Age 55 … that’s the median age of chief HR officers in higher ed. With a retirement boom looming, what are we, as HR leaders, doing to guide and mentor the early-career professionals who are a part of our HR organizations? HR in higher ed is a tough job, so it’s imperative that we take the time and the care to prepare our next round of leaders so they can take the reigns and continue to move the profession forward.
Each month, CUPA-HR General Counsel Ira Shepard provides an overview of some labor and employment law cases and regulatory actions with implications for the higher ed workplace. Here’s the latest from Ira.
While the employment of professionals in higher education saw an overall increase of 7 percent and grew in all areas over the past year, two areas — “other education” and “safety” — grew at a substantially faster clip than all the rest.
According to USCIS, the improvements to the system will help users enter correct information, increase the speed and accuracy of the employment eligibility verification process, decrease Tentative Nonconfirmations (TNCs), and reduce manual verifications.
Presidents and provosts in U.S. colleges and universities tend to change jobs frequently; in fact, administrators in higher education overall tend to have fairly short tenures, with a median of five years in their position. Data from CUPA-HR’s 2017-18 Administrators in Higher Education Survey show that presidents have been in their current position for a median of five years, and provosts have an even shorter tenure, with a median of three years in their position.
Each month, CUPA-HR General Counsel Ira Shepard provides an overview of some labor and employment law cases and regulatory actions with implications for the higher ed workplace. Read the latest from Ira.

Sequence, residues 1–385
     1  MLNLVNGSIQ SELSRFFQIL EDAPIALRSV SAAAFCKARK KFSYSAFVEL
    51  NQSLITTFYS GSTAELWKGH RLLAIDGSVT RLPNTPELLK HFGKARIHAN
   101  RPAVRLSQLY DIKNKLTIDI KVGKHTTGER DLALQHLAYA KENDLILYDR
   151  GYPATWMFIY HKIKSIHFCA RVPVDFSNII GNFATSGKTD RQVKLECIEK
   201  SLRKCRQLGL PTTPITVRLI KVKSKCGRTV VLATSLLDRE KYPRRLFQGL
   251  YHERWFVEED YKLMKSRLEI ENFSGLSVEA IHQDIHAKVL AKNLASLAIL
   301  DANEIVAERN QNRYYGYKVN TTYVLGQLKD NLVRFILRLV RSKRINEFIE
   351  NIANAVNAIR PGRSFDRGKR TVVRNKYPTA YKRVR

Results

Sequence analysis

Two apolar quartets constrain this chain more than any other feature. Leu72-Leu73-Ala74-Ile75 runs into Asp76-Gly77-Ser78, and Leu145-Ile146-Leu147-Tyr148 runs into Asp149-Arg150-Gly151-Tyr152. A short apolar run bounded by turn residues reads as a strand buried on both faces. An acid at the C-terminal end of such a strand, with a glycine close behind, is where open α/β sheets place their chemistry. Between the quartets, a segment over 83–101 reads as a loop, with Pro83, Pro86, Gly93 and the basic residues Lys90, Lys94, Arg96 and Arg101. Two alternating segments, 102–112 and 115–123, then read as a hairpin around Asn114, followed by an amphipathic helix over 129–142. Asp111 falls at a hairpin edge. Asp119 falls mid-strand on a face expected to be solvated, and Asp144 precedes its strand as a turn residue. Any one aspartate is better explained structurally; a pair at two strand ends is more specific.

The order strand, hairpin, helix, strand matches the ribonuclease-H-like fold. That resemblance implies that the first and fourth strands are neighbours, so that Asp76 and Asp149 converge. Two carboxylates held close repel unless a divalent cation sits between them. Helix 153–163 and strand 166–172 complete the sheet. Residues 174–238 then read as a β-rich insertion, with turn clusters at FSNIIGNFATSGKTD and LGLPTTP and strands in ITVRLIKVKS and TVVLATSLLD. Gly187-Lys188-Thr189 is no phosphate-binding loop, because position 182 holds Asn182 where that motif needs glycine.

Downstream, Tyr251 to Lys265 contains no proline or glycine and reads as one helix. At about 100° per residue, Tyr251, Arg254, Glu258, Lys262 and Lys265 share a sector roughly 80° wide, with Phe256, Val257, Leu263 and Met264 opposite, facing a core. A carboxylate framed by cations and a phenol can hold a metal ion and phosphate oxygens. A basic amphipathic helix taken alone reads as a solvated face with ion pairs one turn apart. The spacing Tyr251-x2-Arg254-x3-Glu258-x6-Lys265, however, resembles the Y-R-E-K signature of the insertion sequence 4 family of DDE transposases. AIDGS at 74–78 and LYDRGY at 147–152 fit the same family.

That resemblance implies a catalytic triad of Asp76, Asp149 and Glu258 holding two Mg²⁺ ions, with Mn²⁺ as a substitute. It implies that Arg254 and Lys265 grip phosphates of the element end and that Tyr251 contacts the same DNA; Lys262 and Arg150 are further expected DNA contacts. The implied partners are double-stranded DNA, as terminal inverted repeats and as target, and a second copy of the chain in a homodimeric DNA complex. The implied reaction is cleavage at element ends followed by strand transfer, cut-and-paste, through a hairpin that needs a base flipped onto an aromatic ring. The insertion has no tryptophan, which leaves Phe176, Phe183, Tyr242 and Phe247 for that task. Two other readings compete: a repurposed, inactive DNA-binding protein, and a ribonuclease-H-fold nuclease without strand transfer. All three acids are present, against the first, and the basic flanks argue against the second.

Like much of the American workforce, college and university professors are aging — the majority are between the ages of 55 and 75. As these baby boomers (who are mostly White males) near retirement, what do their successors look like? Are higher education institutions doing a good enough job of hiring more diverse faculty to complement their increasingly diverse student bodies?
It can seem like dozens of different tasks demand our attention at any given point, and while we may try to multitask in order to get them all done, that modus operandi typically ends up being counterproductive. In a couple of articles in a recent issue of CUPA-HR’s The Higher Education Workplace magazine, the authors offered advice on how to cut down on distractions and avoid time sucks in order to make the most of the time you have to get things done.
While tenure-track faculty at the nation’s colleges and universities enjoy slightly higher salaries at most ranks than do non-tenure-track faculty, those working off the tenure track are seeing bigger increases year over year than their tenure-track counterparts, according to findings from CUPA-HR’s 2017-18 Faculty in Higher Education Survey.
On May 25, new data privacy rules will take effect in the European Union. Known as the General Data Protection Regulation (GDPR), this directive will also have compliance implications for colleges and universities in the United States.